Intel says Goodbye to Optane Memory (Cache), No Support on Z790

One thing to note with Z790 is that along with Intel’s decision to kill its Optane business; this chipset will NOT support Intel's Optane Memory, Intel's Optane-based drive caching solution. Using Z690 combined with 12th Gen should still yield the same level of support as before, but using Z790 will not allow Optane Memory to be used, which is understandable as Intel winds down its Optane and 3DXpoint storage division.

The main benefit for opting for Z790 over Z690 is essentially down to PCIe 4.0 I/O capabilities, with support for one more additional USB 3.2 G2x2 Type-C port compared to Z690. Having spoken to Intel directly about processor performance with either chipset, they made it clear that they do not expect compute or gaming performance to be any different regardless of whether you’re using the new Z790 or the existing Z690 chipset.

Raptor Lake In Detail: Raptor Cove P-Cores, More Efficiency Cores Test Bed and Setup: Updating Our Test Suite for 2023


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  • Nero3000 - Thursday, October 20, 2022 - link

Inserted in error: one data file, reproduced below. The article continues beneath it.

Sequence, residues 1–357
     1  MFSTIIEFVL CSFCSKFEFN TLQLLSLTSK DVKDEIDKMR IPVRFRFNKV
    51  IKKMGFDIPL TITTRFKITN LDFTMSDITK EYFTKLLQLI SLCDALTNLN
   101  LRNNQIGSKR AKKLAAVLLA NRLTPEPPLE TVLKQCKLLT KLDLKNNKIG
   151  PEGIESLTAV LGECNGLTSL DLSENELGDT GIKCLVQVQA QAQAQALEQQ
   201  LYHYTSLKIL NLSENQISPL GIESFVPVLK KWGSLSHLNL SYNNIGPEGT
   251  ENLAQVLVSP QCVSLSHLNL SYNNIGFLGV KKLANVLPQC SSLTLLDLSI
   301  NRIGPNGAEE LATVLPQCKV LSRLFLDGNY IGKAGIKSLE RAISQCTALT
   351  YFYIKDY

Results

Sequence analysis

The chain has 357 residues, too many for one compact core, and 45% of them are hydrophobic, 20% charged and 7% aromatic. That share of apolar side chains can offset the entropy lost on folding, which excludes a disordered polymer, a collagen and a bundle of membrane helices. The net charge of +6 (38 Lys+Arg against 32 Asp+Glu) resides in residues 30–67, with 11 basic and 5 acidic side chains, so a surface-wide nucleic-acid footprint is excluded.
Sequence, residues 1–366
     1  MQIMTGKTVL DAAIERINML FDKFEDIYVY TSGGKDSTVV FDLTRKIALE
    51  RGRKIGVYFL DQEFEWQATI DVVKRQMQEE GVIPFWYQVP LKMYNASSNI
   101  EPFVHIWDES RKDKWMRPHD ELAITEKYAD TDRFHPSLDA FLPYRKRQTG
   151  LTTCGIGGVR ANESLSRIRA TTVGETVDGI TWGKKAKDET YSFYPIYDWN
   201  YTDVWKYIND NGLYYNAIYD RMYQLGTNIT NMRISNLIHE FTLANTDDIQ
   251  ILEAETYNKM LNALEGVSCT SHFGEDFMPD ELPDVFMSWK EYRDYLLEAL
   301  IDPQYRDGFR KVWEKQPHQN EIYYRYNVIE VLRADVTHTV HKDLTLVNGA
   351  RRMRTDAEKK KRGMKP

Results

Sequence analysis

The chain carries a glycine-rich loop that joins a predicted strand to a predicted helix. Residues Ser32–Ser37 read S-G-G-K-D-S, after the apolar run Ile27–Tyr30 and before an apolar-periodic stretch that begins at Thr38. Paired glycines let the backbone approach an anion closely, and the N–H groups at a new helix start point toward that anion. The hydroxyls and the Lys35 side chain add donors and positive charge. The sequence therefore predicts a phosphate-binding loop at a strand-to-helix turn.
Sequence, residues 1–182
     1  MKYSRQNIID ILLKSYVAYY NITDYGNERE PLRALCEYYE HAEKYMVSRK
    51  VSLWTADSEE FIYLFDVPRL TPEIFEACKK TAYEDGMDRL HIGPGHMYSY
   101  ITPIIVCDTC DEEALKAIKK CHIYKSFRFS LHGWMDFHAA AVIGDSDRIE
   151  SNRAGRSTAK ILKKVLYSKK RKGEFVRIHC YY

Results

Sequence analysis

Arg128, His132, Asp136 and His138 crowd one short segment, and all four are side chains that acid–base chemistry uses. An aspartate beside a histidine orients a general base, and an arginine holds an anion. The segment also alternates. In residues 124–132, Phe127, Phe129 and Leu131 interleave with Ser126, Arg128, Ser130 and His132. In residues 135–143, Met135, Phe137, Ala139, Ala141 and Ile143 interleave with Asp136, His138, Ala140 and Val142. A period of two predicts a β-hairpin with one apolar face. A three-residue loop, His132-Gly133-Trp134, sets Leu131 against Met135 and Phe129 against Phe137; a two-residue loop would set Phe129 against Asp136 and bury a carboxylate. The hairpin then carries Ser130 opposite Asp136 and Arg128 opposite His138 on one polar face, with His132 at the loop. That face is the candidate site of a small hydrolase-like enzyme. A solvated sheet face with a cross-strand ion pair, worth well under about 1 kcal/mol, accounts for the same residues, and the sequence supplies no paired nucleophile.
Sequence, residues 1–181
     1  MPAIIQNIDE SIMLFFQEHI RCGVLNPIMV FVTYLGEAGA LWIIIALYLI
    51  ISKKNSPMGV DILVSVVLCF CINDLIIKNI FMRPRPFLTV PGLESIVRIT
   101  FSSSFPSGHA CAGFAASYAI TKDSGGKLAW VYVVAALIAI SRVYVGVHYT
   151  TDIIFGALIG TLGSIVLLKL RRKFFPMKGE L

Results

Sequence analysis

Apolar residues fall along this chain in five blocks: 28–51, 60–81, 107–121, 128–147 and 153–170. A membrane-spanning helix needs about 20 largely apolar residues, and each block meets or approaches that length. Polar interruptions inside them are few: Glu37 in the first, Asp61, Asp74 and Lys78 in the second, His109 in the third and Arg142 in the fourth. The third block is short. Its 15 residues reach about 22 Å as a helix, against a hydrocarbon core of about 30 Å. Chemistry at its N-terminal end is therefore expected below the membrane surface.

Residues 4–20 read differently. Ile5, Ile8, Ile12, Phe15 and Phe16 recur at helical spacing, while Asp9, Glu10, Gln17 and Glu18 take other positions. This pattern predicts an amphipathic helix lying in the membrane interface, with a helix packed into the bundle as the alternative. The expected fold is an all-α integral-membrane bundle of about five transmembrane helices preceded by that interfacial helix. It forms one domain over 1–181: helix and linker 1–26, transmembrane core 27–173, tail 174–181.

Correction: the 12600k is 6P+4E - table on first page Reply
  • Hixbot - Thursday, October 20, 2022 - link

    I am hoping for an high frequency 8 core i5 with zero ecores and high cache. It's would be a gamer sweet spot, and could counter the inevitable 3d cache Zen 4. Reply
  • nandnandnand - Friday, October 21, 2022 - link

    big.LITTLE isn't going away. It's in a billion smartphones, and it will be in most of Intel's consumer CPUs going forward.

    Just grab your 7800X3D, before AMD does its own big/small implementation with Zen 5.
  • HarryVoyager - Friday, October 21, 2022 - link

    Honestly, I'm underwhelmed by Intel's current big.LITTLE setup. As near as I can tell, under load the E cores are considerably less efficient than the P cores are, and currently just seem to be there so Intel can claim multi-threading victories with less die space.

    And with the CPU's heat limits, it just seems to be pushing the chip into thermal throttling even faster.

    Hopefully future big.LITTLE implementations are better.
  • nandnandnand - Friday, October 21, 2022 - link

    Meteor Lake will bring Redwood Cove to replace Golden/Raptor Cove, and Crestmont to replace Gracemont. Gracemont in Raptor Lake is the same as in Alder Lake except for more cache, IIRC. All of this will be on "Intel 4" instead of "Intel 7", and the core count might be 8+16 again.

    Put it all together and it should have a lot of breathing room compared to the 13900K(S).